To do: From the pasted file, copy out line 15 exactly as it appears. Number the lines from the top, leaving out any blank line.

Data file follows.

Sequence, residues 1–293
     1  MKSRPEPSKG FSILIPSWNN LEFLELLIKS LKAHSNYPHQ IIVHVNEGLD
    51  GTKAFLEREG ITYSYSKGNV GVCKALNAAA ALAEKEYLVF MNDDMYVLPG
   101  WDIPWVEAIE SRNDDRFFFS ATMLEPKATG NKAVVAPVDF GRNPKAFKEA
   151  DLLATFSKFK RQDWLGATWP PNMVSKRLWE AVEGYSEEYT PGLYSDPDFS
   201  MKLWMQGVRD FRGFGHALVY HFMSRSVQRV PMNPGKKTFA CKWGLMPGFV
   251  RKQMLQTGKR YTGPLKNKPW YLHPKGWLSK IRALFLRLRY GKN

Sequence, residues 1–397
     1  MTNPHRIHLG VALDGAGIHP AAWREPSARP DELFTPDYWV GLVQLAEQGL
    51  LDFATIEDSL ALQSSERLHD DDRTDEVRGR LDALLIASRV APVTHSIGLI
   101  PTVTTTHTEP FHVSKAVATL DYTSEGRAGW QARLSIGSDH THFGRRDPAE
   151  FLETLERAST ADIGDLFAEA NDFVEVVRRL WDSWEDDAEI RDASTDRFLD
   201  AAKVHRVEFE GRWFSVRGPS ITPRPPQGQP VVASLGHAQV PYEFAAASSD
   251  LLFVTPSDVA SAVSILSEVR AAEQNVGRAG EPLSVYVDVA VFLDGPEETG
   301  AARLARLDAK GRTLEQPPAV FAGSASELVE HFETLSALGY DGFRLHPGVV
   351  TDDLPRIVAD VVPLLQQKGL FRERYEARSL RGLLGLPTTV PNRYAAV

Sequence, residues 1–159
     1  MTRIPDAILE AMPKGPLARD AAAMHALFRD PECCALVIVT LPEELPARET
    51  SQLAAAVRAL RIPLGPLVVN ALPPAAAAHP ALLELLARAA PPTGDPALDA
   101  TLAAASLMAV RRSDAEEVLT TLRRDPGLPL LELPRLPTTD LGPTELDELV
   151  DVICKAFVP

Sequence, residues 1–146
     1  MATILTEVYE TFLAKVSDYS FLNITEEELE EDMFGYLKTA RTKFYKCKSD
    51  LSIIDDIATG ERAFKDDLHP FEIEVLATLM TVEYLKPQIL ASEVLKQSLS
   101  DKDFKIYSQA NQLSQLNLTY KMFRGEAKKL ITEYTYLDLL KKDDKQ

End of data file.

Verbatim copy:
   301  AARLARLDAK GRTLEQPPAV FAGSASELVE HFETLSALGY DGFRLHPGVV